Many veterans returning from the military struggle with the transition of the day-to-day challenges of the civilian workforce despite the number of years and/or areas of experience they may possess. Although many may have put in five, ten, fifteen or more years in the field they don’t have a college degree or certificate showing their credentials or expertise. Applying the skills attained while in the service cannot always be easily applied in the outside world as this shift is fraught with confusion, fear and a lack of knowledge.
The process of finding a job or developing a career is tough for anyone; never mind those returning from combat or other military environments where they may have been in a supervisory role, worked as a medic or operated heavy equipment; yet have no “resume” to show for their efforts. Preparing a resume, or having the time and information to accurately complete one that truly reflects his/her abilities and skills can be daunting.
The majority of veterans are loyal, committed, skilled, talented, and accustomed to working in high stress environments. Despite those attributes, they often don’t have the actual skills or training that one receives from a college or other educational institution, nor the written documentation to support their skills/training. The main problem is that the two simply don’t mesh – in other words, the two sides don’t know how to communicate with each other.
In 2014, First Lady Michele Obama and Dr. Jill Biden worked on an initiative to launch a new employment tool designed to connect veterans with employers. It was designed to help with the translation of military skills into the civilian workforce. This on-line tool that is open to all veterans, as well as their spouses and beneficiaries looking for employment in both the public and private sectors, is referred to as the Veterans Employment Center. Veterans can simply log on to ebenefits.va.gov on their computer. This resource was the first inter-agency tool designed to provide public and private opportunities, a resume builder, military skills translator, and training resources all in one location. According the 2015 State of the Union address to Congress, President Obama encouraged employers to “hire a veteran if they wanted to get the job done”. Having these tools is a plus; however, many veterans and civilian employers must find a way to interconnect their differences as they relate to job experience, credentials, personalities, and more.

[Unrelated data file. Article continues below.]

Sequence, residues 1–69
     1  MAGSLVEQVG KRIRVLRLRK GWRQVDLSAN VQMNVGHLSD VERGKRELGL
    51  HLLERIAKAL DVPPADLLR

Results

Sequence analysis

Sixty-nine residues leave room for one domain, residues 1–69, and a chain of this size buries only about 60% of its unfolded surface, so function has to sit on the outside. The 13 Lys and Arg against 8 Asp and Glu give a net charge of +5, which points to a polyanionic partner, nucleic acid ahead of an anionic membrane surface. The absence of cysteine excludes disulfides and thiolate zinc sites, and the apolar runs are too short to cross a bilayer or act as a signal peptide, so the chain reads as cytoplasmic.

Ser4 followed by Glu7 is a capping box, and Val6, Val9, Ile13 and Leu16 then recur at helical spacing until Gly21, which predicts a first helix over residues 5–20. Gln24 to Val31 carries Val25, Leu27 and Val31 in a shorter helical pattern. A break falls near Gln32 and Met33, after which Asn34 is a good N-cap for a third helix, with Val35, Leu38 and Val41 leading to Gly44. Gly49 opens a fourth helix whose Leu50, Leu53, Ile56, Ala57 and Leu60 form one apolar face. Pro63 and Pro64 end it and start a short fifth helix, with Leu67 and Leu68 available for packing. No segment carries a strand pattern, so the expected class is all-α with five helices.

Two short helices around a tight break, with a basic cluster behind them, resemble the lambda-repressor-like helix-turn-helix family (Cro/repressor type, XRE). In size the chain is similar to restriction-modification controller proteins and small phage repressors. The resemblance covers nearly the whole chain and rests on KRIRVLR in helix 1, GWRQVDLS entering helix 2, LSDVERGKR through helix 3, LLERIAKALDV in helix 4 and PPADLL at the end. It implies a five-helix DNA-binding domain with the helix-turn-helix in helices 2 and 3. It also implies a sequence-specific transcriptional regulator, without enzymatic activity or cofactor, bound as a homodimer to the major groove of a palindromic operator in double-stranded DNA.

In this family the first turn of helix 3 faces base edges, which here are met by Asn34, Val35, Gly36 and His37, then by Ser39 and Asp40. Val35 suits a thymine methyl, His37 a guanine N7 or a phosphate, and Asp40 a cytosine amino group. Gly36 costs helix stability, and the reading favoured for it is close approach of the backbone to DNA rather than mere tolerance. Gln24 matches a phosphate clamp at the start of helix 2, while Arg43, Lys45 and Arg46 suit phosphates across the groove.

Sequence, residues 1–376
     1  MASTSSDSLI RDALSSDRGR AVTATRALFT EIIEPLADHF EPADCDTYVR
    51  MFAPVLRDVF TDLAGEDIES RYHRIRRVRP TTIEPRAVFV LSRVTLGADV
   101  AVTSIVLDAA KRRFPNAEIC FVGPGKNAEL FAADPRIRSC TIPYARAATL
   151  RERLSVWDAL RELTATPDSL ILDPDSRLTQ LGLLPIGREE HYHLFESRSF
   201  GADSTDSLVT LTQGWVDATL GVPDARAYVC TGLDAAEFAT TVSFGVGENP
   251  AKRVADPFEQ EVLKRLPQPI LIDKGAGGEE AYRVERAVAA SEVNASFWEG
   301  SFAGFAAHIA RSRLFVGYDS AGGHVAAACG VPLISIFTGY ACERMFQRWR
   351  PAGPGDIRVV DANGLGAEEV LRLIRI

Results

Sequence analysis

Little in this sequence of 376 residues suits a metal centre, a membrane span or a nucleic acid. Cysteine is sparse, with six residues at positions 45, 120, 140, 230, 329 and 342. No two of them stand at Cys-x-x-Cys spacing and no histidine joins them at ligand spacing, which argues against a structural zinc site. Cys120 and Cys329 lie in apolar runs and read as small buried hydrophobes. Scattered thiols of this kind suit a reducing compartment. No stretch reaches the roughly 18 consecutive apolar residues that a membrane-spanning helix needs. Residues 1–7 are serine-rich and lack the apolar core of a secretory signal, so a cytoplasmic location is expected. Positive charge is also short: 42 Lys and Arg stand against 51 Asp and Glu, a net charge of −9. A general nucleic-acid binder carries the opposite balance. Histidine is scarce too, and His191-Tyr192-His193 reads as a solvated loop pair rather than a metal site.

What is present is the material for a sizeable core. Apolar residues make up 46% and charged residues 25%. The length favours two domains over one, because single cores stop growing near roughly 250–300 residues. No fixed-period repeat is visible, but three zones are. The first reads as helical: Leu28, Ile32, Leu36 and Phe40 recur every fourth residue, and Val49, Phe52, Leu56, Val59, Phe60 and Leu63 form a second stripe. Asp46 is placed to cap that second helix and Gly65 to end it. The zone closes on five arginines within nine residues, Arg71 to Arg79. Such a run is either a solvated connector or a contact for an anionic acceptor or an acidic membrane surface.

What are the best jobs for veterans? Well, according to CareerCast, a career information and job listing website, the top ten best jobs for veterans include:
- Administrative Services Manager
- Construction Program manager
- Emergency Medical Technician
- Industrial Engineering Technician
- Paralegal & Legal Assistant
- Personal Financial Advisor
- Registered Nurse
- Software Engineer
- Training & Development Manager
In my next blog, I will be exploring a more in-depth look into the transition of veterans into the workforce, their current level of experience, communications made with potential employers, and the resources available for all veterans.
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